Originally the guitar had a built-in distortion circuit, adapted from a mid-1960s Vox distortion effects. The switch for this was in front of the phase switches. May soon discovered that he preferred the sound of a Vox AC30 distorting at full power, so the circuit was removed. The switch hole is now covered by a mother-of-pearl star inlay, but was originally covered by insulation tape.

Luthiers – Antonio Stradivari and Guarneri del Jesu

Antonio Stradivari (1644-1737)

The maker of the “Stradivarius” or “Strad” stringed instruments is the most famous luthier of all times. During his long life he made at least 1,116 instruments. It is assumed that only around half of his instruments survived until today, but the exact number is not known.

Strad Label

His instruments were regarded to be the best stringed instruments ever created already during his life. They are highly prized for their superb tonal qualities

and excellent playing characteristics.

Stradivari was a perfectionist and his instruments are perfectly executed. He sold them often to the royalty and laid the foundations of stringed instrument-as-an-investment. His instruments were always highly valued.

Bartolomeo Giuseppe Guarneri del Gesù (1698-1744)

 

The most prominent luthier after Antonio Stradivari was Giuseppe Guarneri del Gesù. The term “del Gesù” originates from the Greek abbreviation for Jesus (IHS) (Jesu Hominum Salvator) and a Roman cross that Guarneri used on the labels inside his instruments. It indicates veneration for the Holy Name.

Del Jesu label

Contrary to Stradivari, Guarneri del Gesù made his instruments quickly and sold them for a low price. Despite of this also his instruments are exceptional and highly valued.

Only around 135 violins, none viola and one cello build by Guarneri survived until our time.

Why Are The Instruments By Stradivari And Guarneri So Special?

The master stringed instruments made by Antonio Stradivari and Giuseppe Guarneri del Gesù excel in a supreme powerful, rich and colourful tone that is ideal for a solo instrument.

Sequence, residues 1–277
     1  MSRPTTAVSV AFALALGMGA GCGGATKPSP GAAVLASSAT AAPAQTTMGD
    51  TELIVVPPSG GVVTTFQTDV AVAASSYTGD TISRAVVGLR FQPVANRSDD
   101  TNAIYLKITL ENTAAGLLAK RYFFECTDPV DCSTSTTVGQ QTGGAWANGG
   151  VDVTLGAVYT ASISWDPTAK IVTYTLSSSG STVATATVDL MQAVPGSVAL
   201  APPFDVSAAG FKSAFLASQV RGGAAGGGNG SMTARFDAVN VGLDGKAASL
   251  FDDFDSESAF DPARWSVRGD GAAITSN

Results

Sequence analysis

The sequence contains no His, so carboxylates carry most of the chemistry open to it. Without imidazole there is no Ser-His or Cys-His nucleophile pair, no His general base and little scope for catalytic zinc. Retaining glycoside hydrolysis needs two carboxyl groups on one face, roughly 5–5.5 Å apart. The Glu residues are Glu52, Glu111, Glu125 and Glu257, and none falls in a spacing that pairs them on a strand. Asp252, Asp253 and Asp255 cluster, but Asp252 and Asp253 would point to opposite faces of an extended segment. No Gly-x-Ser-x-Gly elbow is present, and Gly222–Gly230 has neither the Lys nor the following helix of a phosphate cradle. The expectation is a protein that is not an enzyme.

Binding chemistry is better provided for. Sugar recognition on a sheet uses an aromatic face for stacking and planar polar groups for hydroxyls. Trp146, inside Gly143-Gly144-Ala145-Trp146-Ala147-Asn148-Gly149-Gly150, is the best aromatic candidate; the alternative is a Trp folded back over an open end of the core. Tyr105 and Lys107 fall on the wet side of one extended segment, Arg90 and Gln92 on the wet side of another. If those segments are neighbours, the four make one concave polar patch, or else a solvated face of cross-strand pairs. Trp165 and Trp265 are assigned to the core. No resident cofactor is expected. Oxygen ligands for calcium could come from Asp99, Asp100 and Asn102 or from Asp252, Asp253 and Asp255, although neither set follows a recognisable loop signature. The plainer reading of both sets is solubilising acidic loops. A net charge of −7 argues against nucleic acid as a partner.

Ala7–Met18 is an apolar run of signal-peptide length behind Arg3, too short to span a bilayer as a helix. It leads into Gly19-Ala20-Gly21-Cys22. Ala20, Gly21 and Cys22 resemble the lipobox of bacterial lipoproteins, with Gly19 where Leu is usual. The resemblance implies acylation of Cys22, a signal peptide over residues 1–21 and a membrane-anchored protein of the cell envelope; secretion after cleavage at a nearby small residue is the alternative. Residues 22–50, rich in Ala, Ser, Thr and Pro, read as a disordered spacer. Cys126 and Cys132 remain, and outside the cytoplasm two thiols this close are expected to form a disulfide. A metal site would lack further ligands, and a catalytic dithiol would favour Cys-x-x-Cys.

A Stradivarius in a good condition emits high-frequency sounds in a range where human hearing is the most sensitive. These frequencies become more audible in larger rooms. That makes the Stradivarius ideal for concerts in spacious concert halls and for performances together with big philharmonic orchestras.

The sound of these sublime instruments is so very characteristic that an observant listener can distinguish their superior tone when hearing the same artist playing on different instruments.

The sound of the old master instruments is not only superior in the vivacity of the tone; it is also insistent and captivatingly beautiful. The lustre and beauty of the instrument’s tone is as close you can come to the immaculate voice of a great opera diva.

Science has not invented an instrument that could measure or quantify the beauty of a sound yet. Only the metaphysical investigation could possibly tackle the phenomenon.

Thousands of hours and millions of dollars were spent in the search for the secret formula of the old master stringed instruments made by Stradivari and Guarneri, but no clear all-explaining answer was found. Neither using x-rays or the wood of specially grown trees nor anything else has helped to re-create their excellent characteristics.

Tip to spot a fake Strad label

This is the most commonly copied Stradivarius label of all ‘Antonius Stradiuarius Cremonenfis Faciebat Anno 1…’ with the last digits of the year of manufacture written by hand. The clue which reveals the fake is that from 1700 to 1730 a cursive ‘u’ was used in place of a ‘v’. After 1730 the Roman ‘v’ was used. Hence, Stradiuarius, Stradivarius.